When using scripts in the Apache Karaf bin folder, you can using bin/setenv Unix script (bin\setenv.bat on Windows) as described in the Start, stop, restart, connect section of the documentation.

Warning

The bin/setenv Unix script (bin\setenv.bat on Windows) is not used by the Apache Karaf Service Wrapper.

To configure Apache Karaf started by the Service Wrapper, you have to tune the etc/karaf-wrapper.conf file. If you provided the name option to the wrapper:install command, the file is etc/karaf-yourname.conf.

In this file, you can configure the different environment variables used by Apache Karaf. The Service Wrapper installer automatically populate these variables for you during the installation (using wrapper:install command).
For instance:

This is a example of generated etc/karaf-wrapper.conf file:

# ------------------------------------------------------------------------
# Licensed to the Apache Software Foundation (ASF) under one or more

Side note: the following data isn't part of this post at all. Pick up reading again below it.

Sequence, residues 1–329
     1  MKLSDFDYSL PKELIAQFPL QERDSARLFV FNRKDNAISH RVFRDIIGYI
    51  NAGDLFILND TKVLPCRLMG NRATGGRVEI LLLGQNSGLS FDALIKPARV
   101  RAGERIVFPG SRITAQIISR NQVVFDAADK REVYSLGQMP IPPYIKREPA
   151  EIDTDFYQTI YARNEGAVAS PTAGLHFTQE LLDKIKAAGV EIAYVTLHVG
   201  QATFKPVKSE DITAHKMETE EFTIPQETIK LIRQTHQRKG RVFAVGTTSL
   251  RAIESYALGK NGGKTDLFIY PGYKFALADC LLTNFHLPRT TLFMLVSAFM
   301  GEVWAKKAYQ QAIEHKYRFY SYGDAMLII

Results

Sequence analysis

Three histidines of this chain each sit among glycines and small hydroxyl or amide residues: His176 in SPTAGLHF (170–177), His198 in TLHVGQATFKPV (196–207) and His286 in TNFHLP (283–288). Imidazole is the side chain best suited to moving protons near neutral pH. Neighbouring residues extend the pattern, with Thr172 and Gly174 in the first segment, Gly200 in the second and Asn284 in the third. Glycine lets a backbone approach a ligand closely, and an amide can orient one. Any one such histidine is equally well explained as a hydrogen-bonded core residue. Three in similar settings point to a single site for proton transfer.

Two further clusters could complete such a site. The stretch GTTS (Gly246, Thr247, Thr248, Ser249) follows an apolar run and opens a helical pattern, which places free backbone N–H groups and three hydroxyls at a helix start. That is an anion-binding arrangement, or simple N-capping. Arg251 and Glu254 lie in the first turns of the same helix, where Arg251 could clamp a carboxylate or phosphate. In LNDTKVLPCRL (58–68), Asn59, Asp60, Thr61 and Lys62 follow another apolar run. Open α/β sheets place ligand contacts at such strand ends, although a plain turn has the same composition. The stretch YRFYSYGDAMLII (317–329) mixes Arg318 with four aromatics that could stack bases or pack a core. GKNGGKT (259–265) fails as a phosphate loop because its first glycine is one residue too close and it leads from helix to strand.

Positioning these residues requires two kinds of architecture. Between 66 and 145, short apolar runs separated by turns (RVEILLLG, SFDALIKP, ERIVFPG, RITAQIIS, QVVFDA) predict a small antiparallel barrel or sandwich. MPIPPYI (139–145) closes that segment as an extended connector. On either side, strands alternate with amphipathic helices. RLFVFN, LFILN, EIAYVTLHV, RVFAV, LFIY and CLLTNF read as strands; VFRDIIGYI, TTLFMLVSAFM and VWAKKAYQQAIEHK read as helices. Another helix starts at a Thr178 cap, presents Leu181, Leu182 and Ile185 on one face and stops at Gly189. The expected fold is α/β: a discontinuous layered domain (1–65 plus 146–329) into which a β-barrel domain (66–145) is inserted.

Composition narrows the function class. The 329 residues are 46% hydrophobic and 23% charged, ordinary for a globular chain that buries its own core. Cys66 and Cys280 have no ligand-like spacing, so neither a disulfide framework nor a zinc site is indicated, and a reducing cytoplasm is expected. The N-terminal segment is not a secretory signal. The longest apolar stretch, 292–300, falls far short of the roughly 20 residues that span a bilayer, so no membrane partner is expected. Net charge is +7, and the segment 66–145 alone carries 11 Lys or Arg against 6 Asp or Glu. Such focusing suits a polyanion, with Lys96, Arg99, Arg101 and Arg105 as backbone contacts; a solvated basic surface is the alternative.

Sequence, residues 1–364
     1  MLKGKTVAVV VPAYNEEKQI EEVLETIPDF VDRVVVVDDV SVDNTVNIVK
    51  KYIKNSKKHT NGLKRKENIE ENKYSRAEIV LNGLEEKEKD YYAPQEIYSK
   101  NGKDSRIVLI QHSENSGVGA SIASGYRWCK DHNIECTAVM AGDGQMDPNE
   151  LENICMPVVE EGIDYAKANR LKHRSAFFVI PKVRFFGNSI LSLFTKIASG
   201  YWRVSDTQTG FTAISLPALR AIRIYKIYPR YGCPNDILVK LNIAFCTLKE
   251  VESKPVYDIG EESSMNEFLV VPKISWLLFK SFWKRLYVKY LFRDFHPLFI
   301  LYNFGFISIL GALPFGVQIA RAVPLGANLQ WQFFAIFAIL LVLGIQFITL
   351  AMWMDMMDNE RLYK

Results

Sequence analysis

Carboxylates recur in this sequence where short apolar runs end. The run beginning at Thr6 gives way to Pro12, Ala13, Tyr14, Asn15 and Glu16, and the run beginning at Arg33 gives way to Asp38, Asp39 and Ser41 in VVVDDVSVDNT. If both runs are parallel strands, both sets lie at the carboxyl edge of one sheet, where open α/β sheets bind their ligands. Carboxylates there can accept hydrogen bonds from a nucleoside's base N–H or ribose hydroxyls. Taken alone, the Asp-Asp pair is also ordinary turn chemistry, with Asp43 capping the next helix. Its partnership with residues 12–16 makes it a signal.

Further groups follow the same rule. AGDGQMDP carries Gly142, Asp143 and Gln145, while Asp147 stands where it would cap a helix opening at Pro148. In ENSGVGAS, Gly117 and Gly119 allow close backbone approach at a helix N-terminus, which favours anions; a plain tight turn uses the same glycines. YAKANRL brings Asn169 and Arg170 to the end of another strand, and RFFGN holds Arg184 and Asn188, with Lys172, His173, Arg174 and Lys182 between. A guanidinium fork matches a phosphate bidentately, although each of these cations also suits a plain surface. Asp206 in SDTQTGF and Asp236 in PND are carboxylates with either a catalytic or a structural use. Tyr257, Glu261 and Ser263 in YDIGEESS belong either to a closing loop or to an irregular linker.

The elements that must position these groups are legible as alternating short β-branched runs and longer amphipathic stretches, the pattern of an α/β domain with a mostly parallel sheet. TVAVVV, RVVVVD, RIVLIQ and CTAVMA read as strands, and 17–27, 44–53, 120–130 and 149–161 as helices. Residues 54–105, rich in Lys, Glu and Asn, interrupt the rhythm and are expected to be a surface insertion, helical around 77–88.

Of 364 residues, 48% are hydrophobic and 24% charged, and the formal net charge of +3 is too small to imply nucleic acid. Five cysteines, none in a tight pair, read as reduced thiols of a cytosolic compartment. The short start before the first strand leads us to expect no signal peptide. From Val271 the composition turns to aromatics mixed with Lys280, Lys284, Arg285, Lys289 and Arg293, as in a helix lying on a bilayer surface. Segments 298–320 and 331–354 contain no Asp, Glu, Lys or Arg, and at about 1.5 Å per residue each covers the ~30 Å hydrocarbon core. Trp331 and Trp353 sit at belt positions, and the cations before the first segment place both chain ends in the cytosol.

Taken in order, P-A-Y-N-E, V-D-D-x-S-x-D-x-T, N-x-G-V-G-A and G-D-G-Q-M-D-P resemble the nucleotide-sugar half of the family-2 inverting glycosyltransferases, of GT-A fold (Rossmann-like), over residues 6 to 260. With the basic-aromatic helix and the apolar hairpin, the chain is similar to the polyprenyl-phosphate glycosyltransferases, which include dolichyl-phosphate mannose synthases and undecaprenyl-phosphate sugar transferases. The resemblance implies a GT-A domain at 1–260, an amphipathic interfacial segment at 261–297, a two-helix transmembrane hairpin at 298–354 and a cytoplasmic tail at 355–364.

# contributor license agreements.  See the NOTICE file distributed with
# this work for additional information regarding copyright ownership.
# The ASF licenses this file to You under the Apache License, Version 2.0
# (the "License"); you may not use this file except in compliance with
# the License.  You may obtain a copy of the License at
#
# http://www.apache.org/licenses/LICENSE-2.0
#
# Unless required by applicable law or agreed to in writing, software
# distributed under the License is distributed on an "AS IS" BASIS,
# WITHOUT WARRANTIES OR CONDITIONS OF ANY KIND, either express or implied.
# See the License for the specific language governing permissions and
# limitations under the License.
# ------------------------------------------------------------------------

#********************************************************************
# Wrapper Properties
#********************************************************************
set.default.JAVA_HOME=/opt/jdk/1.7.0_21
set.default.KARAF_HOME=/opt/apache-karaf-4.0.0
set.default.KARAF_BASE=/opt/apache-karaf-4.0.0
set.default.KARAF_DATA=/opt/apache-karaf-4.0.0/data
set.default.KARAF_ETC=/opt/apache-karaf-4.0.0/etc

# Java Application
wrapper.working.dir=%KARAF_BASE%
wrapper.java.command=%JAVA_HOME%/bin/java
wrapper.java.mainclass=org.apache.karaf.wrapper.internal.Main
wrapper.java.classpath.1=%KARAF_HOME%/lib/karaf-wrapper.jar